Quick method to save money in your 20s | Money saving tips


Hey everyone! Thank you for being here. Today, we're breaching the world of personal finance and I'll be giving you some tips on how to save money in your 20s.


Unfortunately, it's been a trend that over half of adult Americans have less than $1,000 in their savings account. Saving is integral to building a financially stable and, hopefully, financially independent future for yourself.


It's never too late to start saving. Obviously, everything would be better if we just started sooner, but you know, there's nothing you could do about the past, so let's start building good habits now.


Remember that time is money, and I know you have time, so I know that you can have money too. And I appreciate you spending your time with me. So as a gift, I am going to give you five tips on how to save money in those tumultuous times that are your twenties.


Before we start I would really appreciate it if you liked, commented, and/or subscribed to this channel because it helps out my little channel so much. Thank you, if you do do that.


If you check those out, that would be really cool. Okay, let's get started! My first tip for you is to have a goal. It's easier to save when you have a vision for your future. Maybe you want to buy a car. Maybe you want to buy a house. Maybe you want to go on a really fancy vacation.


Maybe you're saving up for your future kid's college fund, or you just want to be financially independent. So, think about your money goals. Envision yourself reaching those money goals, because a strong purpose will inspire a strong will. And we definitely need that anytime you're handling money.


Tip number 2 is to start small and automate it. I get that our lives are complicated and, you know, we have bills to pay, debts to pay off, and food to eat. It's difficult to stash away like 30% or 20% of your entire paycheck into your savings account.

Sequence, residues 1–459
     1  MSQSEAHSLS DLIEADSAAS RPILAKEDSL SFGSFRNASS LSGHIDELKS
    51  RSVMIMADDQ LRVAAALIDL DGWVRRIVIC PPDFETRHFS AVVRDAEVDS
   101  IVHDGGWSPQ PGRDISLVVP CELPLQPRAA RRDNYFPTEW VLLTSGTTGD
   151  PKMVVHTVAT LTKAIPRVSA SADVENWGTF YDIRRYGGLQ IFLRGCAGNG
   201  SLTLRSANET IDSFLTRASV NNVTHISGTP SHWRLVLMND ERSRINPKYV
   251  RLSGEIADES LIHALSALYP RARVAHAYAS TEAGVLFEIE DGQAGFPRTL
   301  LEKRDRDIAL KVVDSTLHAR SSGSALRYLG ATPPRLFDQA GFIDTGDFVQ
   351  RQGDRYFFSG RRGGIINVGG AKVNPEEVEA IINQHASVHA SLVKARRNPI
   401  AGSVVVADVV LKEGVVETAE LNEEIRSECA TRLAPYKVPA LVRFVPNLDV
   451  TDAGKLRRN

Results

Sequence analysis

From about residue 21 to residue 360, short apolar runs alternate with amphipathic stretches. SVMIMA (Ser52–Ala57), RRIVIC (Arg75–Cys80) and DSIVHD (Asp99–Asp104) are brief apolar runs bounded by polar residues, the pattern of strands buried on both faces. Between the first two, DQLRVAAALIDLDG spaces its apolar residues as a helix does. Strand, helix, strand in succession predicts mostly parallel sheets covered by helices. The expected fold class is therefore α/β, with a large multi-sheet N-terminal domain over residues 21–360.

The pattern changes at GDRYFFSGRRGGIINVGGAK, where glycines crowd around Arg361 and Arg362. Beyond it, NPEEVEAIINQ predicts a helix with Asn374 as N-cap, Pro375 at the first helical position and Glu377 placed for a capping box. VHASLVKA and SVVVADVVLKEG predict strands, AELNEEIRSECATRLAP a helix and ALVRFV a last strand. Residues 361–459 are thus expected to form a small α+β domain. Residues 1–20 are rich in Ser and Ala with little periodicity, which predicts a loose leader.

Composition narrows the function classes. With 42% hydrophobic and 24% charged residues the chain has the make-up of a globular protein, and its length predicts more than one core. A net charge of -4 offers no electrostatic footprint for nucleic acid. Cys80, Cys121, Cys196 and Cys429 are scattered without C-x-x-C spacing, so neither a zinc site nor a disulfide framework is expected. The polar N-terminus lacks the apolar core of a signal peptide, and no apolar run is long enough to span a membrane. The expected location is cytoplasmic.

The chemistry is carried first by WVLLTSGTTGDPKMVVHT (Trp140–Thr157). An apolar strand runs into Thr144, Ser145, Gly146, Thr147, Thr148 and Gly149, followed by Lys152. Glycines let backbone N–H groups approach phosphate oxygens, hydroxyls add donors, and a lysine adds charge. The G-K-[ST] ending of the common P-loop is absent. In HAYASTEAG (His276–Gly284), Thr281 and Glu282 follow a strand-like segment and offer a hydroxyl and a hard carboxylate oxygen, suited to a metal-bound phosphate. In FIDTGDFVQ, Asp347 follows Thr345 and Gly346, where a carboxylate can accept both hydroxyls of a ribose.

But something is better than nothing, which is why I'm suggesting that you put away one hour's worth of pay for every day that you've worked into your savings account.


If you get paid $15 an hour and you worked three days in that paycheck cycle, then that means you would put away $45 into your savings account. And if you feel like that cuts too much into your incoming money, then maybe just put away $10 per paycheck cycle.


And, if possible, it would be really good if you could just automate that moving of that paycheck money into your savings account. It's just one less step for you. Now, these small amounts aren't going to make you a millionaire, but what it is going to do is that it's going to establish some good money habits for you.


Now you're building the habit of saving money without disrupting too much of your life. Habits are powerful things so once you have the habit of putting a bit of money away into your savings account and you find that your life hasn't turned upside down, then you might consider putting a bit more money into your savings account, and it just blossoms from there.


Tip number three is to find roommates or live with your parents. I don't know about you, but I live in California in a big city, so the cost of living is very high. For most people rent eats up a big chunk of your paycheck.


It can be annoying living with other people, maybe (with) your parents. Trust me, I know. I live with my parents and my siblings right now. However, we need to think about the long run. So let's do some math really quickly.


You're living alone in a one bedroom apartment for, let's say, $1,400 a month. Now you get one roommate who converts the living room into their bedroom and now they pay $500 And you pay $900 (a month for rent).